Preheat oven to 375 degrees. Bake sweet potato for about 45 minutes or until fully cooked.

Step 2

When sweet potato is done, allow to cool and peel the skin.

Step 3

In a blender, mix the sweet potato with coconut milk, bone broth, macadamia nuts, ginger, and turmeric.

Step 4

Reheat on stove top and season to taste with salt and pepper.

Step 5

Pour into bowls and garnish with pumpkin seeds, cilantro and crumbled Daiya cheese.

Photo by Cayla1 on Unsplash

5 Ways to Reset Your Health in 2019

 

New Year becomes the time when many people set goals and try to break less-than-stellar habits. For most people, this is the time to leave behind unhealthy trends and hit the total-reset button.

Health goals are among those changes. Statistics show that 45 percent of all new year’s resolutions include weight or getting into better shape. (1) In other words, about half of all resolutions include creating a healthier lifestyle!

You probably have your own health-related reset for the new year. While completely overhauling your health can feel overwhelming, I want to provide five strategies that can streamline the process and make optimal health more manageable. No matter where you are with your health goals, you can start these right now.

Strategy #1: Eliminate Inflammatory Foods

Your diet becomes crucial for a health reset. When I say diet, I don’t mean depriving yourself, counting calories, or eating bland foods for the rest of your life.

Instead, you’ll want to minimize foods that cause inflammation in the body, disrupt your microbiome balance, and contribute to weight gain. Inflammatory foods can even impact your mood and sleep.

For the next 30 days, eliminate these foods. (I suggest keeping them out long-term, but life happens, so don’t be hard on yourself if you indulge.)

  • Gluten and all whole grain products
  • Dairy
  • Sugar in its many forms
  • Corn
  • Soy
  • Alcohol
  • Processed and packaged snack items

I talk more about why you want to eliminate these foods in my book Happy Gut. Deprivation isn’t on the menu: There are plenty of gut-supporting foods you can enjoy that help you lose weight on my plan.

Strategy #2: Get Great Sleep

Sleep is by far one of the most important habits when it comes to longevity, weight loss, and good health. Yet, so many of us compromise on it because of our lifelong to-do lists. Or maybe we feel so stressed out, we can’t shut off our brains to sleep.

It’s very challenging to lose weight and sustain healthy habits without optimal sleep. Not sleeping enough raises cortisol levels and can even increase cravings. Lack of sleep and increased cortisol can also promote insulin resistance. In fact, researchers found that lack of sleep decreases insulin regulation by 33 percent. (2)

Aim for a solid 7 – 9 hours each evening. Have the lights out ideally by 10 p.m. to ensure that you have restorative sleep. Try to use the hour before bed to wind down and relax so that you can easily ease into a sound sleep.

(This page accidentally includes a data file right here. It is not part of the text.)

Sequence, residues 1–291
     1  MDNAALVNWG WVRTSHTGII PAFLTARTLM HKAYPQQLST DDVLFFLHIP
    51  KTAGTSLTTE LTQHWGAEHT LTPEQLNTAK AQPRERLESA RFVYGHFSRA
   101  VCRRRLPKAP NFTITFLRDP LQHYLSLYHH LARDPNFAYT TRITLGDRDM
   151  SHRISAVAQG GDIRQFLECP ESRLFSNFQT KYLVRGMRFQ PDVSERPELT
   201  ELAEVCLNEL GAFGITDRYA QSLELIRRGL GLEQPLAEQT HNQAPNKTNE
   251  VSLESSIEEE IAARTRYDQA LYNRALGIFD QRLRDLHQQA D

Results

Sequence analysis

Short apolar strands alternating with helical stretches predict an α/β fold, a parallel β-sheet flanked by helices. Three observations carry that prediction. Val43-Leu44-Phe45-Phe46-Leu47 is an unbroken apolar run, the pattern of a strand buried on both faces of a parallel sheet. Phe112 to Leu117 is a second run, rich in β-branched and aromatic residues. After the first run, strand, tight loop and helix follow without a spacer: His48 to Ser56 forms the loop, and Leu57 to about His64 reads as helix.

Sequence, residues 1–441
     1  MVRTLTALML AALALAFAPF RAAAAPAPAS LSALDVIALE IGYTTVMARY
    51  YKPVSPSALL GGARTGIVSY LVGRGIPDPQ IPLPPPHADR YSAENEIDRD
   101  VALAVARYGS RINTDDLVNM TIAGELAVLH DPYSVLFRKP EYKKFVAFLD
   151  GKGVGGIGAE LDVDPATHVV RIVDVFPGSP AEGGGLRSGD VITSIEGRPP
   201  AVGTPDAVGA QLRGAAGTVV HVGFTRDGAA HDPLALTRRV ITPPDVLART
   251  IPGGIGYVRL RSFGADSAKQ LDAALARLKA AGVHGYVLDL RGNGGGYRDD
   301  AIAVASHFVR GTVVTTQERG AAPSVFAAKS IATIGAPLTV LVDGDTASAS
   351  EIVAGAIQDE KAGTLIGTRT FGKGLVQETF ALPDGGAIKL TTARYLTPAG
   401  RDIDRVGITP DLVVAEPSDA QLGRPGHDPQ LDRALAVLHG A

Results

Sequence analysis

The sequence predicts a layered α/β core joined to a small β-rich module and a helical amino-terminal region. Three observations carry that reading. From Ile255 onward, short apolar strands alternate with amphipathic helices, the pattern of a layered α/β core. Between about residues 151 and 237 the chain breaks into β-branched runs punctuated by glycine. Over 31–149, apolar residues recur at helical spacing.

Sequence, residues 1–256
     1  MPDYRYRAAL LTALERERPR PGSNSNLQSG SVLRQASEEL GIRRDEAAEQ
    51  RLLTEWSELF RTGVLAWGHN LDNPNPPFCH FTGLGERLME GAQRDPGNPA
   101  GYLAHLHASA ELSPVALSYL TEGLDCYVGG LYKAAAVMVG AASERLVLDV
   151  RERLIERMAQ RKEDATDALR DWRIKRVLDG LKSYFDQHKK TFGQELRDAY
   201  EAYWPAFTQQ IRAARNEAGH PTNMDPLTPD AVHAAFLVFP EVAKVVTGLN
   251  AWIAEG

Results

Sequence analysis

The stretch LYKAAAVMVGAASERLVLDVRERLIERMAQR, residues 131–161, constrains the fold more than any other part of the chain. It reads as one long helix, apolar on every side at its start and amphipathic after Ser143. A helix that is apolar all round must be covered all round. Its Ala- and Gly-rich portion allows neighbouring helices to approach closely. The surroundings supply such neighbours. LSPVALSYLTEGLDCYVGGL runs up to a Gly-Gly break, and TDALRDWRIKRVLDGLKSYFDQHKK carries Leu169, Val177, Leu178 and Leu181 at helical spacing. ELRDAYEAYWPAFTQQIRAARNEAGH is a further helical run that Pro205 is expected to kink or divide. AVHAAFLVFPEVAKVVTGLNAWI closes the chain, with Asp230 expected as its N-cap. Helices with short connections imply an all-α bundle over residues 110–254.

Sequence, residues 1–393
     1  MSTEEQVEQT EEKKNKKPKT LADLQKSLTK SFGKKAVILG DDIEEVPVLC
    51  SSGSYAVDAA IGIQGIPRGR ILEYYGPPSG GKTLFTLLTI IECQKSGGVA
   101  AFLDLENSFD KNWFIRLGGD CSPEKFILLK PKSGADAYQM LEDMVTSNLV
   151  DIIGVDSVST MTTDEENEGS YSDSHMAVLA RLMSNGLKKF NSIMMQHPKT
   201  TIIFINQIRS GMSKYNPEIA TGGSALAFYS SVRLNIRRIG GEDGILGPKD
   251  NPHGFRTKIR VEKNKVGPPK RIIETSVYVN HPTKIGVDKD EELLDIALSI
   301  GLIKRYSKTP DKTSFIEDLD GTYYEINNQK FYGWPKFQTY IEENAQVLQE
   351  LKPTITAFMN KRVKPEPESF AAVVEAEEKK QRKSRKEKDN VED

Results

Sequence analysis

Strategy #3: Eat Less Often

While the six-meal-a-day philosophy has been believed to help promote weight loss and health goals, I suggest taking the complete opposite approach. Give your body time to rest between meals. Aim for two or three highly nutritious meals daily and give your body at least 12 hours to rest between dinner and breakfast.

This approach, called intermittent fasting, helps regulate blood sugar and insulin levels. When insulin levels are in check, you lose weight and keep it off more easily. You also dial down hunger and better manage satiety hormones: When your hormones are out of whack, you tend to overeat and have more cravings.

Strategy #4: Reduce Blue Light Exposure

In our society today, we can create a completely artificial atmosphere at 3 a.m. if we want to. (If you’ve been to Vegas, you know what I’m talking about!) The natural light cycle doesn’t affect when we can complete tasks. This can be both a curse and a blessing.

While turning on a light any time can be convenient (like if you need to brush your teeth before bed), access to lighting 24/7 has its downfalls. Being able to create an artificial environment so that you can work deep into the night on your laptop through glowing blue light is not great for your body.

For one, exposure to blue light can increase the likelihood of insulin resistance. Participants in one study were asked to eat their meals in front of bright light in the evening hours. The research confirmed that this exposure to light later on in the day negatively impacted metabolism and increased the risk of insulin resistance. (3)

Try to follow the patterns of natural light the best that you can. Spend time outside in natural light in the morning hours for improved metabolism. Reduce your artificial light environment in the evening the best that you can. Opt for a real book and use a salt lamp or other forms of amber lighting in the evening.

Strategy #5: Love Your Gut

The health of your gut is crucial to your weight. Obesity goes hand-in-hand with microbiome imbalances. Among its havoc, undesirable gut bacteria can create inflammation that directly impacts insulin levels, inevitably creating or exacerbating weight gain.

Give your gut some love! Eat plenty of fiber-rich foods and leafy greens, eliminate the foods that I mentioned above, and be sure you take a high-quality probiotic. I’ve outlined a comprehensive, simple-to-implement plan to heal your gut and lose weight in Happy Gut.

Here’s to making this year your healthiest, highest-frequency life! And don’t let the calendar dictate your health. Remember you can start living a healthier, happier life on any date.

Citations

United States – New Year’s resolution for 2018 | Statistic. Retrieved from https://www.statista.com/statistics/378105/new-years-resolution/

Brazier, Y. (2015, November 04). Sleep well to avoid insulin resistance. Retrieved from https://www.medicalnewstoday.com/articles/301721.php

Urbina, E. (2018). A New Study Delves Into How Blue Light Affects Your Metabolism. [online] Chronobiology.com. Available at: https://www.chronobiology.com/new-study-delves-blue-light-affects-metabolism/ [Accessed 20 Dec. 2018].